“That’s impossible,” Chlenov said. “Mountain Jews keep to themselves.”

So did the Jews of Esfahan, or of Hamedan, or Shiraz, I wanted to say. They each spoke a distinct language, ate different foods, held the others in varying degrees of contempt. So do the Jews in Los Angeles. So, to hear my new Russian friends tell it, do Jews from different provinces in their country.

I asked Kanner what he thought distinguishes one Jew from another. He thought for a long time, then he said: “When I read Isaac Bashevis Singer in Yiddish, I see myself in the stories, because that’s the language of my childhood. When I read the same story in English, I don’t recognize the story or the man.”

I don’t know if Bayaaz Khanoom ever learned Kaashii, but she never did blend in with her husband’s tribe. She had a resonant voice when the others spoke in whispers, an independent mind when everyone else fell into line. Perhaps for this reason — because she was unlike the others, not better or worse, but simply different — she was one of the few family members whose company my grandfather welcomed. One of the few whose memory remains vivid so long after everything else has faded or died.

The sound of all those languages spoken by one people, the force of so many points of view converging around a common goal, two Russians, a Mountain widow and an Iranian Jew sitting in a Starbucks a mile or two away from the U.S. capital — this, to me, was AJC’s biggest achievement last week in Washington.

Gina Nahai is professor of creative writing at USC. She can be reached at

What the Rabbi Taught Starbucks

I grew up in federally subsidized housing in Brooklyn. I was part of a generation of families that dreamed about the American dream. My dad had a series of blue-collar jobs. An uneducated man, he was kind of beaten by the system. He was a World War II veteran who had great aspirations about America, but his dream was not coming true.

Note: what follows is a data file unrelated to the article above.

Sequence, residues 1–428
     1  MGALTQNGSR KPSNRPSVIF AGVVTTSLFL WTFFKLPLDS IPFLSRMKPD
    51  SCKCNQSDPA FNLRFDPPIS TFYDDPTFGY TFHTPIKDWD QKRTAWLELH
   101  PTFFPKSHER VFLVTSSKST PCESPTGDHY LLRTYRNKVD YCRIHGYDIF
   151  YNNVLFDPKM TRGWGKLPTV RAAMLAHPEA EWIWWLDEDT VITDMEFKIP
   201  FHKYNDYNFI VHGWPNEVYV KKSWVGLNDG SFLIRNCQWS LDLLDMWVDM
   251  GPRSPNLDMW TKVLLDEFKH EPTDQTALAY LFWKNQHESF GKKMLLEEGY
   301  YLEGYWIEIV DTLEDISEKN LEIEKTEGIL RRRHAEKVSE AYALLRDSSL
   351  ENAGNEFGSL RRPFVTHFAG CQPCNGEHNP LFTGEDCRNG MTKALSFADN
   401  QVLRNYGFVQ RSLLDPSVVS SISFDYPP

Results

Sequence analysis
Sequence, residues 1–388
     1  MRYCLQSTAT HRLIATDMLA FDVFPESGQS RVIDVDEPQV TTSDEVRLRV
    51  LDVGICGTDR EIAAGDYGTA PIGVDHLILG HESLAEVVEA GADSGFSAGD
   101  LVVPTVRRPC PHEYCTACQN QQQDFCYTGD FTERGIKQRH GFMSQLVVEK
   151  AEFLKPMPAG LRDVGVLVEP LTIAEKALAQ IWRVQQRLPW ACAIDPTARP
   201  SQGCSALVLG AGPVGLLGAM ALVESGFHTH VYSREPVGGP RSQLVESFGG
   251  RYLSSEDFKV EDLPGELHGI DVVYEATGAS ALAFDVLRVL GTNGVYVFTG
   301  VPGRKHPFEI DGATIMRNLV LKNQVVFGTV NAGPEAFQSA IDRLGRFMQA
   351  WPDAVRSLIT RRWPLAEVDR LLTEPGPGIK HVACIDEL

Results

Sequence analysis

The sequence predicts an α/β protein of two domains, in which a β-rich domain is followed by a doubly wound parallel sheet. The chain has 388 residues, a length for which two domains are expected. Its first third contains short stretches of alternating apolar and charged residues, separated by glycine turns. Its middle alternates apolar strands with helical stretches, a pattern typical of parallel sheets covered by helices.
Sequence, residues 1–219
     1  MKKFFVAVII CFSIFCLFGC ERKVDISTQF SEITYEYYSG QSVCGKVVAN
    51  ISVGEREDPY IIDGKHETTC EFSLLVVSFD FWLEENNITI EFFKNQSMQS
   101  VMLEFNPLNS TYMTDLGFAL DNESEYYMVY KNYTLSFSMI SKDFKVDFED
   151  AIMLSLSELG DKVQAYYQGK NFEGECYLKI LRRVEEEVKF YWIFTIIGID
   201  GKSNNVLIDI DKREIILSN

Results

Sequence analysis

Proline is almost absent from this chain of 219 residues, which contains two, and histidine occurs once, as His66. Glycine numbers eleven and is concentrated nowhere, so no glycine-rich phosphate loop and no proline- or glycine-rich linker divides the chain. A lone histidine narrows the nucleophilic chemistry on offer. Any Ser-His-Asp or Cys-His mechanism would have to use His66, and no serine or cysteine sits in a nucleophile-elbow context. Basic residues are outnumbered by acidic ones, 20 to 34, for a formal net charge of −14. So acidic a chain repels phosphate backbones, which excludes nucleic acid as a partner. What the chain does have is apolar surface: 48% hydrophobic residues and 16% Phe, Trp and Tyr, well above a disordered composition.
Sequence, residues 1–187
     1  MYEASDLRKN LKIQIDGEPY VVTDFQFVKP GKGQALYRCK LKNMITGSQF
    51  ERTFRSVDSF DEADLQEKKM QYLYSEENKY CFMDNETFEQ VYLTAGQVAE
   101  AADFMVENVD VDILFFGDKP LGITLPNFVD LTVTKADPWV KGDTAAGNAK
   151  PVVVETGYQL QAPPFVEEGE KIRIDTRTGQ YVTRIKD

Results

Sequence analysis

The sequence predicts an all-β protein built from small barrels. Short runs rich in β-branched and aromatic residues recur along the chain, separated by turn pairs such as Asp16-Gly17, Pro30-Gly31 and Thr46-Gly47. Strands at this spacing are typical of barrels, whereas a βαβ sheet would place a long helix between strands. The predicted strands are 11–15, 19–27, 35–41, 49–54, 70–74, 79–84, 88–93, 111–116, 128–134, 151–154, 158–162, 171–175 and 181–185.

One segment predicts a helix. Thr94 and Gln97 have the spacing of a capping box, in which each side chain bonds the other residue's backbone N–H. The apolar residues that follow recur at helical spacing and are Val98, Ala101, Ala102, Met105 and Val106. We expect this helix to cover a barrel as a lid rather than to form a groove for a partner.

At the age of seven, I came home one day to find my dad sprawled on the couch in our two-bedroom apartment in a full-leg cast; he had fallen on the job and broken his leg. This was way before the invention of Pampers, and he worked as a delivery driver for cloth diapers. He hated this job bitterly, but on this one day, he wished he had it back. In 1960 in America, most companies had no workers’ compensation and no hospitalization for a blue-collar worker who had an accident. I saw firsthand the plight of the working class.

That experience had a significant effect on how I see the world. When I got into a position of responsibility at Starbucks, what I wanted to try and do was build a kind of company that my father never got a chance to work for.

We at Starbucks have been trying to create an industry that did not exist, and a kind of brand that was very unusual. One real anomaly is that we have spent very little on advertising. We’ve had corporate executives try and understand how a brand could become so powerful and ubiquitous with so little promotion. The truth is we had no money to advertise, so we had to figure out a different way. We said to ourselves that if we wanted to build a large enterprise and a brand that had meaning, relevance and trust for all its constituencies, then we first had to build trust with our employees. So we tried to co-author a strategy in which those who worked for the business were really part of something. As a result, in 1989 we began to provide equity in the form of stock options to our employees.